• Average spend per night: Are you making enough from each night a property is booked? And how do your numbers vary in different seasons?

    Pitfalls

    1. Don’t send one mailer and think it’s enough.

    The marketing standard of impressions to conversions is between seven and twelve touch points. One point of contact is rarely enough.

    2. Don’t spend money on paid searches or pay per click ads.

    While this can be effectively done, it can also be extremely costly. For most companies, the ROI simply isn’t there.

    3. Don’t fail to be consistent with follow ups, and use a CRM.

    Want to stand out? Get personal. Wish your prospective client a happy birthday, or cite something specific to each owner that you previously noted in your CRM. Forgetting that you’ve spoken to a specific homeowner—even if you do speak with thousands of owners, or forgetting specific details of your conversation is a sure way to fall on your face and leave a bad impression.

    The importance of trust

    When establishing relationships or when nurturing existing relationships, trust is of key importance. The concept seems so simple and plain; however, the word "trust" is much more complex and multifaceted—especially for homeowners looking to work with vacation rental managers.

    The main reason trust is so important to the vacation rental industry is that it completely affects speed and cost.

    Homeowners and managers that don't have trust with one another take longer to get things done and most often do them incorrectly. Additionally, when trust is low, there trends to be high drama. When trust is high, there is less potential for drama.

    Despite these warnings, there are ways trust can be improved and gained. Recognize that people's ability to establish trust varies, and build trust by providing time, focus, and information.

    How to onboard new homes effortlessly

    Once you’ve acquired new properties, what comes next? Conrad O'Connell, Digital Marketing Director, and Brandon Sauls, President of Intercoastal Net Designs, spoke of the importance of checklists in making sure each home is ready to rent.

    With property managers likewise always looking for ways to reduce friction in the onboarding process, here is what Conrad and Brandon recommended:

    Finding new owners

    As Andrew McConnell, Steve Presley, David Angotti, and Rodney Archer’s session covered, new owner acquisition requires more than simply sending a postcard and waiting for owners to come to you.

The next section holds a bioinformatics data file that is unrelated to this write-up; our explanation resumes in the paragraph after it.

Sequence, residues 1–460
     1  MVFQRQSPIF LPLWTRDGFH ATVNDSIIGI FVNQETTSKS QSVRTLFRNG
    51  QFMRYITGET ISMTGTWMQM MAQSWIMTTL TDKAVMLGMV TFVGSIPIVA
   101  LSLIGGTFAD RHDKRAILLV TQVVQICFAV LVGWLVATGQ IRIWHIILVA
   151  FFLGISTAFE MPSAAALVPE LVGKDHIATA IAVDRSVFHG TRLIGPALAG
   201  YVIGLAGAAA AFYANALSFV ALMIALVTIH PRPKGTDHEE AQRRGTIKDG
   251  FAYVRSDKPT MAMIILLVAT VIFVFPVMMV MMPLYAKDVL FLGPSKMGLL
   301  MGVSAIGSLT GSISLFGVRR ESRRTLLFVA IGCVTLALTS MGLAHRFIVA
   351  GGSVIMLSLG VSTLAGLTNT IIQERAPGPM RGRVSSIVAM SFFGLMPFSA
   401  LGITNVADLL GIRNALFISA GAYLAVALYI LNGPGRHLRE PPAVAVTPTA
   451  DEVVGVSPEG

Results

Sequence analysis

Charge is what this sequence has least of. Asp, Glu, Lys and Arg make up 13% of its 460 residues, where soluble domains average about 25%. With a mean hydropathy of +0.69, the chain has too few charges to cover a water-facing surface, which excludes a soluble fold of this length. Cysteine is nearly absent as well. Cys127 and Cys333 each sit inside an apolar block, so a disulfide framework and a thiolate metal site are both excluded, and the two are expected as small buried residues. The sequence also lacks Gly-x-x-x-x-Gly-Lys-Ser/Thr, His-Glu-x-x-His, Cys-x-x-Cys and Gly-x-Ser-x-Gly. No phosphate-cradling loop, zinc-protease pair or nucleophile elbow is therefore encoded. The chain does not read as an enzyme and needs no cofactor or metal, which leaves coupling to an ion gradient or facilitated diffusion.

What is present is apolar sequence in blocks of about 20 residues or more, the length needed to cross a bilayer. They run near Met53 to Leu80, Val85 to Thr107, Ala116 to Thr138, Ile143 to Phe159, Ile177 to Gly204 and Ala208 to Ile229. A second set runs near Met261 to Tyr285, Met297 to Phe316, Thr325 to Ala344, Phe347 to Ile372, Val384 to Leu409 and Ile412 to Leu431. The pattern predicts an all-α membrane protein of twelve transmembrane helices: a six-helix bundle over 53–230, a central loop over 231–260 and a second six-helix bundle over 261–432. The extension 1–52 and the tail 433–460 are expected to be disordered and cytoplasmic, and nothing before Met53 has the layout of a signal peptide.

While property managers traditionally find new owners with neighborhood research on recently purchased homes in their area, this tactic can be time consuming. Publicly available information is always helpful, but managers often require research to track down the contact information of new property owners.

    With this information, it’s time to begin advertising. Send postcards, emails, and/or a property sheet that typically includes a property revenue projection or the revenue results of similar properties.

    An email drip campaign can likewise be used to reach out to owners repetitively until they are ready to consider your program.

    Once a property manager has connected with an owner, start qualifying. Here are a few key questions to use to make sure a home is a good fit:

    • Why do you want to rent the property?
    • What are your revenue goals?
    • What is your timeline to rent?
    • How many owners are there?
    • Have you rented before?

    Invest in digital markets

    Digital techniques can also be used to target owners likely to use property management services and/or owners who are likely to purchase a rental property.

    • Personas: Write it down your customer’s persona and be clear so you can communicate it within the company. Demographics, like age, income, etc. can not only help you to target the right people but also help you qualify owners.
    • Adwords: Certain searches, like “property management companies in X,” indicate high intent to purchase. The volume for a specific location may not be very large, but if you are trying to get as many leads as possible, you will want to consider all of the channels available.
    • Retargeting: Serve Facebook ads using pixels to people who have visited your site before.
    • Facebook Ads: Facebook ads are becoming as popular as Google ads. You can advertise to certain audiences who self-identify as “Real Estate Investors” or people who have liked HGTV’s Income Properties.

    Use Trello to manage the process

    Once managers connect with a lead, qualify them, and make sure their home is a good fit, how do they get it into the program?

    Some management companies have a 160 item checklist to complete before a new home is onboarded, with different employees responsible for each.

    Documenting this process and using a checklist application like Basecamp or Trello to track the process will make managing this process much easier and ensure that the management company can start marketing the property from day one of the program.

    Want to see more from the VRMA Eastern Summit? Check out our other articles from the event:

    • Vacation Rental 2016 Trends & Regulations: Read More
    • How Homeowners and Property Managers Can Compete With a Consolidating Vacation Rental Industry: Read More
    • Revenue Fundamentals and Vacation Rental Fees: Read More
    • The Guide to Selling Your Vacation Rental Company: Read More

    Written by Mickey Kropf, Taj Akmal, Trey Monroe, Michael Goldin, Richard Kaiser, Lauren Kester, Stewart White, Paul Liguori, Justin Conway, Tanner Bruce, and Monika Haebich.